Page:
Lauren Taneil: Laying It Down for Beyonce

Raised in a musical household to a father who was a devoted instrumentalist, who encouraged the same from his daughters, Lauren “LT” Taneil was only seven years old when she decided bass was the instrument for her.
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Raised in a musical household to a father who was a devoted instrumentalist, who encouraged the same from his daughters, Lauren “LT” Taneil was only seven years old when she decided bass was the instrument for her. "My first bass was a Music Man Stingray,” she enthuses, "and I’ve been a complete bass head ever since the day I got it.” Instilled with her dad’s intense drive, she played along with his record collection and the radio, while growing up in Atlanta, Georgia—gathering the influences of Marcus Miller, Pino Palladino, and Victor Wooten along the way.

On the creative and performance sides, Taneil honed her skills in the GG’s (which stands for God’s Grace), a keyboard/drums/bass trio she formed with her sisters, in which they all sang and wrote. While performing with the GG’s in 2010, she was seen by Beyoncé’s musical director. This led to an appearance at the Black Girls Rock Awards and then the opportunity to back Beyoncé at the 2011 Michael Jackson Forever tribute concert. The call to become Queen B’s permanent bassist came soon after. In bonding with Beyoncé through their shared work ethic, energetic stage presence, and passion for soul music, Taneil is a key fixture in Beyoncé’s show, where her rumbling PRS blasts the farthest walls of arenas in every corner of the globe.

How do you prepare for a Beyoncé tour?
We take a lot of time beforehand making sure we know the show inside and out, and finding ways we can improve from previous tours. Every time I play, I want it to be better than the last time. I learned that from Bey. She watches the tape of her show every night to see how it could be better.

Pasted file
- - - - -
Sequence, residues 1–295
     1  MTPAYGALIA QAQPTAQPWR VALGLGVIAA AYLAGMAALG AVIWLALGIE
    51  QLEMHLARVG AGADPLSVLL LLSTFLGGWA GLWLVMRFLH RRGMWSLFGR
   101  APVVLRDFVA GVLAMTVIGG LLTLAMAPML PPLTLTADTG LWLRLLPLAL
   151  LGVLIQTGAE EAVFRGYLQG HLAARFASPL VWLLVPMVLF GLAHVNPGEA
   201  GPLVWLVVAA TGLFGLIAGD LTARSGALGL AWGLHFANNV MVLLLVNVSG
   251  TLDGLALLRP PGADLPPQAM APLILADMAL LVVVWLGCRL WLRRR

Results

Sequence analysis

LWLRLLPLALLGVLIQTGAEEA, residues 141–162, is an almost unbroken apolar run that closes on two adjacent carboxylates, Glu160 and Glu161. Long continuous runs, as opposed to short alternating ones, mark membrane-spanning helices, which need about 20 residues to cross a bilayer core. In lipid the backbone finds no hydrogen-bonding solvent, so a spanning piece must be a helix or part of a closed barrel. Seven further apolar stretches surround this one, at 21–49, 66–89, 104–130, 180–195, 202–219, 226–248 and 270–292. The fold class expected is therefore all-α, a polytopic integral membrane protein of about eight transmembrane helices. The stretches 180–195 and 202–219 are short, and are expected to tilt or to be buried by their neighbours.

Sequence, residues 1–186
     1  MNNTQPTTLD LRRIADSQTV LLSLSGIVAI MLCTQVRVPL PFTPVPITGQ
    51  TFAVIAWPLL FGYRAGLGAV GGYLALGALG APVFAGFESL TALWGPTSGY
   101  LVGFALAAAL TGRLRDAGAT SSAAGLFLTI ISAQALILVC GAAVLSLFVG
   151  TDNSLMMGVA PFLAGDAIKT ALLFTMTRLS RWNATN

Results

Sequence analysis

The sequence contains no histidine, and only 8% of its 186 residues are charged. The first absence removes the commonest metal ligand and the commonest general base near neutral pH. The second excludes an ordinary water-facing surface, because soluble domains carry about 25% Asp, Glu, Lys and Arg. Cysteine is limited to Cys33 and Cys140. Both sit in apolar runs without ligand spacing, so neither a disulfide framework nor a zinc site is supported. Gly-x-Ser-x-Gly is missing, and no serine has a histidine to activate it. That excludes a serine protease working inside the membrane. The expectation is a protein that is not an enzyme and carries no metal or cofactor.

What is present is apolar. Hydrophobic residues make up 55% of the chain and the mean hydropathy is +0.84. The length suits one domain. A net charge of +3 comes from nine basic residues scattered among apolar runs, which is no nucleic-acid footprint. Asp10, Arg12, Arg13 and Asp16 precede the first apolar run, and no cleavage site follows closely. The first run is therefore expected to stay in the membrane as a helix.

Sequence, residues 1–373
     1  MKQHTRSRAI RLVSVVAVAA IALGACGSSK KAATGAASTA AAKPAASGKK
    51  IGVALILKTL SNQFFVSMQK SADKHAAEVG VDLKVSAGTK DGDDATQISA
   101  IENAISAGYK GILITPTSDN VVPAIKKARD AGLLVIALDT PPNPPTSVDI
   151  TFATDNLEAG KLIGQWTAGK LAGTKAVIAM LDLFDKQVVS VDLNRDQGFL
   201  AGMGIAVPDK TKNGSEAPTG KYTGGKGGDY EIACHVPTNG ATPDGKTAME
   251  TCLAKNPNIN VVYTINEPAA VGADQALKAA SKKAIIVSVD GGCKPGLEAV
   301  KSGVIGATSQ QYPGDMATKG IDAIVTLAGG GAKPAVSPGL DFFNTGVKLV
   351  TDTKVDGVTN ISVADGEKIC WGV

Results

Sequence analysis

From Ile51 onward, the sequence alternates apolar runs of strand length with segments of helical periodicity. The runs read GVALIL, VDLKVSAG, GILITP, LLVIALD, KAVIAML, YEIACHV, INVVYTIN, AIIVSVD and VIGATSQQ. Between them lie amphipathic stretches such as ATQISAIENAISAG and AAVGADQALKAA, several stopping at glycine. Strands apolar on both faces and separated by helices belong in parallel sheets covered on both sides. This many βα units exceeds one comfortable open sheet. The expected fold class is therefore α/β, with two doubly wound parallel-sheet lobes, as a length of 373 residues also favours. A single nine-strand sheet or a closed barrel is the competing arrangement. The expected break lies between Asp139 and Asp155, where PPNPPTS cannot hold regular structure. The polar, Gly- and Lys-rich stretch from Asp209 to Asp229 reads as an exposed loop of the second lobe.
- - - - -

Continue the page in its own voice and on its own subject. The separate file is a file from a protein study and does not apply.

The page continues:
What’s your working relationship like with Beyoncé?
It’s a blessing being able to watch her and learn from her. She’s such a hard worker that everyone around her has to put in the effort to keep up. It’s a pop gig, but she’s into old-school soul music and R&B, so we have to cover a lot of ground. Most important, I have to make the bass parts feel good and groove.

Do you have some wiggle room with the bass lines, live?
Certain songs have to be played like the record, especially on the #1 hits, where people want to hear it the way it sounds on the album. On most of the other songs, I have room to improvise and put my stamp on the parts. My approach onstage is to liven it up and make the electric bass a big part of the music. If a song is very keyboard bass-heavy, I’ll play keyboard bass to keep the original version’s vibe. But on a lot of songs that were recorded with keyboard bass I’ll play electric bass and add some fills to make it feel more exciting and live. That’s what Bey likes.

Do you approach keyboard bass differently than electric bass?
No, my intent is to approach both of them the same. I want to play the keyboard bass like I’m a bass player and not a keyboard player. It has to have the groove and feel of a bass, no matter what I’m playing.

What’s your tonal concept in the large arenas and venues you play?
I like for my tone to be big, round, and full. It’s what I call “booty.” My bass has to have a really big booty. It’s also important for everyone to hear the definition and clarity of the notes I’m playing, especially the performers onstage. It helps to be tight with the sound engineers; I appreciate what they do and I let them know.

Which techniques do you use for the gig?
It’s mostly fingerstyle, although I do some slapping in a few songs. And I use a lot of right-and left-hand muting to tighten up the parts. My technique comes from the dynamics of the songs. Sometimes I have to play hard and aggressively, and sometimes I have to play light and soft. It’s a two-and-a-half-hour show, so I need to preserve my hands, as well.

Do you have favorite songs to play?
I love playing a new song from Lemonade called “All Night,” which has Marcus Miller on bass. It’s fun trying to replicate his bass line live, and I use effects to match the tone he got. Bey loves the song, too, so we play it with a lot of energy.

What’s it like to walk out and take the stage in front of screaming fans every night?
It’s unbelievably exciting and inspiring, and it makes you want to play your very best. I’ve been with Bey for five years, and that feeling never gets old; it hasn’t lessened one bit from the first show I played with her.

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Beyoncé, Beyoncé [2013, Columbia/Parkwood] (European Release)

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Bass PRS Gary Grainger 4 and 5-strings, Music Man Stingray HH 5-strings, Moog Little Phatty
Rig Line 6 POD HD Pro, ButtKicker Low-Frequency Transducer
Strings DR Strings Neon (.045–.120)


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